The problem, say Lisa and the Tetlocks, is that evidence actually does support the use of ABA and, if it wasn't an accepted standard of care for autistic children, other provinces and states in the U.S. would not have embraced it the way they have.

In British Columbia, for instance, there is $22,000 available per year for each child under six, and $6,000 per year for ages six to 18.

In Ontario, ABA is offered to children and youth up to their 18th birthday, depending on their level of need. In Alberta, the Family Support for Children with Disabilities program provides funding which can be used for ABA or other therapies. Funding ranges between families depending on their assessed need and what supports and resources they may already have available to them. Manitoba also has a comprehensive program, offering training for new practitioners and three streams of ABA support for children with autism, as well as other supports such as respite or home tutoring support.

Disabled Adults in New Jersey

The Record has a series on the care of disabled adults in New Jersey.

Today's report focuses on the state's reliance on big institutions instead of community care.

There’s a lot of evidence backing up that assessment:

  • Nearly 8,000 disabled adults are on a waiting list for services ranging from training to group homes; they live at home, often cared for by aged parents.
  • It costs on average $100,000 more a year to care for someone at a developmental center than it does to care for people with the same level of disability in the community, the state estimates.
  • New Jersey’s rate of institutionalization is higher than all but two other states: Mississippi and Arkansas. Nearly one in five of the more than 14,000 individuals who are provided with residences live in large state institutions.
  • The Division of Developmental Disabilities spends just about a third of its $1.5 billion operating budget on those institutions, even though they are home to just 6 percent of disabled adults in New Jersey. Only Texas, Mississippi and Louisiana spend a smaller share of their disability services budgets on community programs.
The state has perhaps a more fundamental reason to expand its community services: In 1999, the U.S. Supreme Court ruled that the federal Americans With Disabilities Act requires states to provide the disabled with the most appropriate services possible in the least restrictive setting. Disability Rights New Jersey, a Trenton advocacy group, has filed two federal lawsuits against the state, arguing that both the waiting list and the large number of disabled individuals still institutionalized violate the Supreme Court ruling.

Caring for more of the disabled in the community would almost unquestionably reduce costs for the Division of Developmental Disabilities. But some question how much savings will actually be realized.

One researcher who analyzed a series of national studies [the 2003 literature review is here] on the costs of serving the developmentally disabled pointed out that a community system just shifts some expenses from one arm of government to another.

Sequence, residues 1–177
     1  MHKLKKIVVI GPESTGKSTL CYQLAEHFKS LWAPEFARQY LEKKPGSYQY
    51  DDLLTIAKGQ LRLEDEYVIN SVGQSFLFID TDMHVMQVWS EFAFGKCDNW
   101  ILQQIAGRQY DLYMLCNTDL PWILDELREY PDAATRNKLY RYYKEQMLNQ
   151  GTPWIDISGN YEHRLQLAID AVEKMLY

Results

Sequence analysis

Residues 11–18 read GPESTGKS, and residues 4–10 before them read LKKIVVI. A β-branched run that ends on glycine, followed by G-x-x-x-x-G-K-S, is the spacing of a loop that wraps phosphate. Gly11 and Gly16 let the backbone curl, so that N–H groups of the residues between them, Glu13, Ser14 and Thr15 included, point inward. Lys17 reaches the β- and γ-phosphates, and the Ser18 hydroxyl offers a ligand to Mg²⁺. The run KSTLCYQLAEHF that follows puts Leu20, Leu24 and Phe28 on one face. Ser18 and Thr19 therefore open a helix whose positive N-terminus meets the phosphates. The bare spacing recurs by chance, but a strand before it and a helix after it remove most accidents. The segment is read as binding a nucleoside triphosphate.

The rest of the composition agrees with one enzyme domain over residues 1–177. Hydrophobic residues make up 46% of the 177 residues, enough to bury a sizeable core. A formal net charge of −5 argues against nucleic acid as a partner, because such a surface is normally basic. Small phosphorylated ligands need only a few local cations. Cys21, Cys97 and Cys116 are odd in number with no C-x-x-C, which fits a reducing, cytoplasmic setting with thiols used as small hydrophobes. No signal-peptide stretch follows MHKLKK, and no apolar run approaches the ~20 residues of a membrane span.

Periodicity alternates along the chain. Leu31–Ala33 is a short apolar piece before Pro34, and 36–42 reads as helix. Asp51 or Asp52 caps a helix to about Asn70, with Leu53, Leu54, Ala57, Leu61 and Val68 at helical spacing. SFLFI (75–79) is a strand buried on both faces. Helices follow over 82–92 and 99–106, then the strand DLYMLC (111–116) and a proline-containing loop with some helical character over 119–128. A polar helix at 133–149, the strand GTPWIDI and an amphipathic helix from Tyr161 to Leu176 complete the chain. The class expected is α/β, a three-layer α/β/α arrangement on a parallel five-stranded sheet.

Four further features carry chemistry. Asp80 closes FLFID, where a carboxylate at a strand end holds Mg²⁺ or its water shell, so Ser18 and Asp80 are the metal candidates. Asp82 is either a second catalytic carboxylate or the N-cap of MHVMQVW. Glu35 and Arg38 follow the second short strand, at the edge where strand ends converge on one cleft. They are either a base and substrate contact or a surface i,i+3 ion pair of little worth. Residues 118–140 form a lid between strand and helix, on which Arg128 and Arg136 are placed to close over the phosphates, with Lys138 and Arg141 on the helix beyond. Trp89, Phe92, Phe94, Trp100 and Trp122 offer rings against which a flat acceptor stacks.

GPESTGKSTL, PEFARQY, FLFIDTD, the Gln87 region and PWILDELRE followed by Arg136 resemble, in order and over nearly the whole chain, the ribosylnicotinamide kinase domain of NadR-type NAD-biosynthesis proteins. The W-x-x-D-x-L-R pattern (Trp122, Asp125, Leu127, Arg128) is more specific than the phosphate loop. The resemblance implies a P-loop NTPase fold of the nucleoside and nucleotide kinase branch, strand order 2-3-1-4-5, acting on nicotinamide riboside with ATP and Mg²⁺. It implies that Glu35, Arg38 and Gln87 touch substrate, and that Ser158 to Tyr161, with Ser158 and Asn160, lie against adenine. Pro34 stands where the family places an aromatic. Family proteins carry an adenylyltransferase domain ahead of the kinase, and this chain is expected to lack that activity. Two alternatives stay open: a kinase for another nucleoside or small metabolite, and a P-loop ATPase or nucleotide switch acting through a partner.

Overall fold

Instead of seeing a doctor who’s on the institution’s staff, for example, clients will go to physicians in the community.

“You’re just flopping the cost over to Medicaid,” noted Kevin Walsh, director of quality and management at the Developmental Disabilities Health Alliance in Gloucester.

But there is one area of real savings for the state, Walsh noted: Direct-care workers in the community are paid significantly lower salaries and pensions than their unionized counterparts at the state developmental centers.

Sunday, November 27, 2011

Restraint in New Mexico

The Albuquerque Journal reports:

When an Albuquerque Public Schools police officer used handcuffs to restrain a 7-year-old boy with autism, Superintendent Winston Brooks condemned her actions and Bernalillo County Sheriff Dan Houston revoked her law enforcement commission.

Brooks made it clear to APS staff that “absolutely under no circumstances” would it be OK to handcuff an elementary school student.


APS policies also emphasize prevention, and both state and district policies say restraint should be used as a last resort – when students are in danger of hurting themselves or others.

Only people certified in de-escalation techniques can physically restrain a student, under state policy. When a child does need to be restrained, proper techniques may involve as many as two adults immobilizing the child’s arms, legs and head. Staff members are taught never to sit on a child or to hold him or her face down on the ground.

Liz Thomson, who is past president of the New Mexico Autism Society and whose son has autism, said the training is a good start, but parents would like to see training specific to autism. While students with autism are not the only ones who act out, she said they have particular needs that can be counterintuitive.